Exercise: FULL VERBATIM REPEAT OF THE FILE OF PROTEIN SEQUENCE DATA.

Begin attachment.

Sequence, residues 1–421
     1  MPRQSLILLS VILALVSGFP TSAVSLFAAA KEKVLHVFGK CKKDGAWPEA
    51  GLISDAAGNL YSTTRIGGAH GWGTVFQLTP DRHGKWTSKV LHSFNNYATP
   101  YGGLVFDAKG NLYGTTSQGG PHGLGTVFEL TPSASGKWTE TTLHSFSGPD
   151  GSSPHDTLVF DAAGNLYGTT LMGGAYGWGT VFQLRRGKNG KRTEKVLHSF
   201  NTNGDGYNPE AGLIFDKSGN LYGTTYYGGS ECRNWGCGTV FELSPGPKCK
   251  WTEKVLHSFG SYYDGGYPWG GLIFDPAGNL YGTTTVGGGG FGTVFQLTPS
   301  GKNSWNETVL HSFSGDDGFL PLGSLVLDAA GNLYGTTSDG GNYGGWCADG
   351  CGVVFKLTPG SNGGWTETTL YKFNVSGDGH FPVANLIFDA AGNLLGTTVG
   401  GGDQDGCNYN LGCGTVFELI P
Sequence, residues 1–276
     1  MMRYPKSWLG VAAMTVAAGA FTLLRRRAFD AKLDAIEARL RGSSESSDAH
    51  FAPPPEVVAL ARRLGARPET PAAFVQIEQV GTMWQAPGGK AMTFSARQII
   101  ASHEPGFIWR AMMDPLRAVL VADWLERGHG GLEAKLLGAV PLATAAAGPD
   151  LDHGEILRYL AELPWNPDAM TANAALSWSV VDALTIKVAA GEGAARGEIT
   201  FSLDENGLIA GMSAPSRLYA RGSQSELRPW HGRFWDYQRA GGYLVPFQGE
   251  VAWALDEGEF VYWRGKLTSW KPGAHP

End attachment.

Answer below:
Sequence, residues 1–421
     1  MPRQSLILLS VILALVSGFP TSAVSLFAAA KEKVLHVFGK CKKDGAWPEA
    51  GLISDAAGNL YSTTRIGGAH GWGTVFQLTP DRHGKWTSKV LHSFNNYATP
   101  YGGLVFDAKG NLYGTTSQGG PHGLGTVFEL TPSASGKWTE TTLHSFSGPD
   151  GSSPHDTLVF DAAGNLYGTT LMGGAYGWGT VFQLRRGKNG KRTEKVLHSF
   201  NTNGDGYNPE AGLIFDKSGN LYGTTYYGGS ECRNWGCGTV FELSPGPKCK
   251  WTEKVLHSFG SYYDGGYPWG GLIFDPAGNL YGTTTVGGGG FGTVFQLTPS
   301  GKNSWNETVL HSFSGDDGFL PLGSLVLDAA GNLYGTTSDG GNYGGWCADG
   351  CGVVFKLTPG SNGGWTETTL YKFNVSGDGH FPVANLIFDA AGNLLGTTVG
   401  GGDQDGCNYN LGCGTVFELI P
Sequence, residues 1–276
     1  MMRYPKSWLG VAAMTVAAGA FTLLRRRAFD AKLDAIEARL RGSSESSDAH
    51  FAPPPEVVAL ARRLGARPET PAAFVQIEQV GTMWQAPGGK AMTFSARQII
   101  ASHEPGFIWR AMMDPLRAVL VADWLERGHG GLEAKLLGAV PLATAAAGPD
   151  LDHGEILRYL AELPWNPDAM TANAALSWSV VDALTIKVAA GEGAARGEIT
   201  FSLDENGLIA GMSAPSRLYA RGSQSELRPW HGRFWDYQRA GGYLVPFQGE
   251  VAWALDEGEF VYWRGKLTSW KPGAHP